General Commentary ARTICLE
Commentary: Attention to Eyes Is Present but in Decline in 2–6-Month-Old Infants Later Diagnosed with Autism
- 1Center for the Study of Human Health, Emory University Atlanta, Atlanta, GA, USA
- 2Center for Ethics Neuroethics Program, Emory University Atlanta, Atlanta, GA, USA
- 3Department of Neurology, Emory University Atlanta, Atlanta, GA, USA
- 4Department of Psychiatry and Behavioral Sciences, Emory University Atlanta, Atlanta, GA, USA
A commentary on
Attention to eyes is present but in decline in 2–6-month-old infants later diagnosed with autism
by Jones W, Klin A. Nature (2013) 504:427–31. doi: 10.1038/nature12715
A recent Nature article provided preliminary evidence that infants age 2–6 months old, who were later diagnosed with Autism Spectrum Disorder (ASD), fixated more on the mouth than eyes and more at objects than people when viewing videos of typical childhood social scenes (1). While the sample was small, a reliable pattern of decline in eye fixation accurately predicted their level and classification of symptoms at age three suggesting that – for the first time – an infant could be assessed within the first 6 months of life for their potential of developing ASD (see Table 1 for studies that used eye-tracking with infants 12 months and younger). These eye-tracking devices, which are currently in clinical trials, could provide access to an affordable and objective tool with the potential for extremely early intervention. Detecting ASD risk during the first 6 months of life presents unprecedented opportunities to intervene, providing children opportunities to build critical skills before autistic characteristics fully emerge. Because the eye-tracking device allows for a non-invasive, portable assessment, the device could also enable pediatricians to provide comparable screening services globally. With such promise, a near future where infants are placed into an eye-tracking device at routine pediatric visits is compelling, if not guaranteed.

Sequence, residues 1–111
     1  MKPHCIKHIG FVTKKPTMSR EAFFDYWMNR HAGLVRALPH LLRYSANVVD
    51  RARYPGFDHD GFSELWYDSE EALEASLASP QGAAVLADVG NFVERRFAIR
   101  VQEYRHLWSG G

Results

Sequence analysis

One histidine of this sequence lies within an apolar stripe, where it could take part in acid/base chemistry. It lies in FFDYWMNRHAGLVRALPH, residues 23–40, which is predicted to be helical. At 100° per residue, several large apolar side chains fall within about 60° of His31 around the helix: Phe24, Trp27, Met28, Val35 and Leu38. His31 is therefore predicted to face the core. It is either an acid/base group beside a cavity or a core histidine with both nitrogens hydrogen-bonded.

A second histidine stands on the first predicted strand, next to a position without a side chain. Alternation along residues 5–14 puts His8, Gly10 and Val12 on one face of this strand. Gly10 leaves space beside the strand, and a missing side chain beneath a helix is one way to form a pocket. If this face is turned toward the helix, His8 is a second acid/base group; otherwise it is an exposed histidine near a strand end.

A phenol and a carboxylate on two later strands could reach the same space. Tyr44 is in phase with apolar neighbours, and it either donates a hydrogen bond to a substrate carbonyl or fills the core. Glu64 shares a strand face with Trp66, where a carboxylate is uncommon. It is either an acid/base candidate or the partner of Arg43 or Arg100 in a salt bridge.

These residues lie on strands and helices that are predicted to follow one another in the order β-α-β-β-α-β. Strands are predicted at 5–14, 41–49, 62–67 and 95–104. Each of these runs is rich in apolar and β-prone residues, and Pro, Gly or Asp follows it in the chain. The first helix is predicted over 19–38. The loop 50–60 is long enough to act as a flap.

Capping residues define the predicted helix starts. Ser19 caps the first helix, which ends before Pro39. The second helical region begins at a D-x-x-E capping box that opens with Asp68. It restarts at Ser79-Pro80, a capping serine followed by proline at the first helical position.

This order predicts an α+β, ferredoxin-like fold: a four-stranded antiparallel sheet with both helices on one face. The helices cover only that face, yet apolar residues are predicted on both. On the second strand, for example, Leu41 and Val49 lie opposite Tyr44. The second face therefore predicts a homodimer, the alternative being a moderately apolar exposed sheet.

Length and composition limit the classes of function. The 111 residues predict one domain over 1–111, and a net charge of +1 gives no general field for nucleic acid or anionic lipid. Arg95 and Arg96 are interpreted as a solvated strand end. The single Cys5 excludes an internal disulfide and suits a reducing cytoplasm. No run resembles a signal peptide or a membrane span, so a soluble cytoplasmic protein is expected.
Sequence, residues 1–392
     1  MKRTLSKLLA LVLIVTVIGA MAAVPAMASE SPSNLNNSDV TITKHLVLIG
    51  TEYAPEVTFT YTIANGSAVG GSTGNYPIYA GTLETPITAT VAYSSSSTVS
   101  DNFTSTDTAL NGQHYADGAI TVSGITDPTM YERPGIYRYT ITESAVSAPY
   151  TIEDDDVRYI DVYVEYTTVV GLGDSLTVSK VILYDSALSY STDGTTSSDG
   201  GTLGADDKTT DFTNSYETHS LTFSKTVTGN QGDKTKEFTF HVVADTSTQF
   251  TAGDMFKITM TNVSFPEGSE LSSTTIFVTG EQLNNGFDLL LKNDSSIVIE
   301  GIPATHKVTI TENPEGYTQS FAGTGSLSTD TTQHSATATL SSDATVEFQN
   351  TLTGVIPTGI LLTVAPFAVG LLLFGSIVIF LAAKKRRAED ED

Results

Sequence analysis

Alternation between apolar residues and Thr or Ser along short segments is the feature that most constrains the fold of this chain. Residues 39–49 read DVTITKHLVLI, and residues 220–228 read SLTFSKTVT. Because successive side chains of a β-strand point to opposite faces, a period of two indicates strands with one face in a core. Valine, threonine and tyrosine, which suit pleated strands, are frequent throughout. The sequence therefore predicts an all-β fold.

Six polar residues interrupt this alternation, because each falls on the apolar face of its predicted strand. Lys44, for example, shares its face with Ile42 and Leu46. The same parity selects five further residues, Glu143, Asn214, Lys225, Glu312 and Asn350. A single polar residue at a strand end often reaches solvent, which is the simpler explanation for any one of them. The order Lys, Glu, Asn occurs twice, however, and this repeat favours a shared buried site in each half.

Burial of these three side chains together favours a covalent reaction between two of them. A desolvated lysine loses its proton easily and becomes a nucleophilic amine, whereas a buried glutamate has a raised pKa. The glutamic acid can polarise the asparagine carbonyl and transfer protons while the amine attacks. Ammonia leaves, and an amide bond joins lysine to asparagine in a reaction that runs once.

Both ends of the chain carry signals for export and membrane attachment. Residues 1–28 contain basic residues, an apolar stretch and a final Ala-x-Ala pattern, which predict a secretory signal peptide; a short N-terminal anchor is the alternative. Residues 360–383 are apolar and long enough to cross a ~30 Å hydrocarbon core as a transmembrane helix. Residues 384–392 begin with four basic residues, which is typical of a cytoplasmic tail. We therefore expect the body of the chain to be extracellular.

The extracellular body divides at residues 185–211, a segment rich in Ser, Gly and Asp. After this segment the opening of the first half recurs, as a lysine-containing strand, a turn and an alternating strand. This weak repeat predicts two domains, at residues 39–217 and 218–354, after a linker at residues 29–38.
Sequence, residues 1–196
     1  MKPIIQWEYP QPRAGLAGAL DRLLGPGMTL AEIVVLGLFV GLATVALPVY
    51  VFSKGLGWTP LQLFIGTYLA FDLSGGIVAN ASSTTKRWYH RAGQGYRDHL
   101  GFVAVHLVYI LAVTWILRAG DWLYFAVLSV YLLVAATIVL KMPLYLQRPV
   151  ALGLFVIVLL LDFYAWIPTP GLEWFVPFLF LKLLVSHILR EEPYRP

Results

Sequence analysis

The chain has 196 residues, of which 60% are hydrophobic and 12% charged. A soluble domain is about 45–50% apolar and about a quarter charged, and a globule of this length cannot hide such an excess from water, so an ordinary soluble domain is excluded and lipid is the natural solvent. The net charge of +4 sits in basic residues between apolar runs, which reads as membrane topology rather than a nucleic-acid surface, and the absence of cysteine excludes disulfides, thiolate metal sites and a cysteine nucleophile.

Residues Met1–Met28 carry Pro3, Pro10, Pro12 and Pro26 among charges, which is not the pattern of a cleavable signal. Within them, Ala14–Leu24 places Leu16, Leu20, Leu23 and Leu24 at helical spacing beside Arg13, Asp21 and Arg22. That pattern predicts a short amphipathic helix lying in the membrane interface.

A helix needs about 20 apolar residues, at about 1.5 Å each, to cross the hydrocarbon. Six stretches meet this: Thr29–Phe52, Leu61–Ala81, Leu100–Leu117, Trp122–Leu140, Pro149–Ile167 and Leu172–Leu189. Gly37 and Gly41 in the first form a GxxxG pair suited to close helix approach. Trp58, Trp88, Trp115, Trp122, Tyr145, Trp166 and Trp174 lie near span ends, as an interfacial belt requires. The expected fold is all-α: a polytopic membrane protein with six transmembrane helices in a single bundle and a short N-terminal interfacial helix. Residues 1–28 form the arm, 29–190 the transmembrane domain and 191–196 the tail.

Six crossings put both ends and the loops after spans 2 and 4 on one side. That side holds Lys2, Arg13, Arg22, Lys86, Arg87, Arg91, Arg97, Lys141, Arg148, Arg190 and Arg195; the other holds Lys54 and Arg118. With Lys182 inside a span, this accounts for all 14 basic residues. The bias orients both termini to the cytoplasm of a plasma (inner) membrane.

Autism Spectrum Disorder is characterized by developmental differences and difficulties in social communication and interaction coupled with repetitive behaviors (7) with an estimated prevalence of 1 in 68 children in American populations (Developmental Disabilities Monitoring Network Surveillance Year 2010 Principal Investigators and Centers for Disease Control and Prevention (CDC) 2014) and a range of 1 in 333 to 1 in 86 among European nations. A global mean of 1 in 160 children (8) makes ASD a public health concern more prevalent than juvenile cancers (9) or diabetes (10). Diagnoses are generally made subjectively by assessing behavioral symptoms through parental interview and behavioral observations of the child (8, 9). Presently, clinicians are unable to reliably diagnose ASD until 12 months using the Autism Diagnostic Observation Schedule (ADOS) Toddler module (11); however, diagnosis usually happens much later. A 2014 CDC study estimated age at diagnosis using DSM IV TR classifications, which included several disorders under the category of ASDs rather than the DSM 5 model of ASD as a single diagnosis. It reported 48 months as the mean age of diagnosis for Autistic Disorder, 53 months for ASD or Pervasive Developmental Disorder-Not Otherwise Specified, and 75 months for Asperger’s syndrome (12). Widespread recommendations by professionals for early identification and intervention (8, 13, 14), along with a lack of viable community systems of long-term care (15), have driven priorities for autism research and funding toward reducing the age of diagnosis and intervention (16).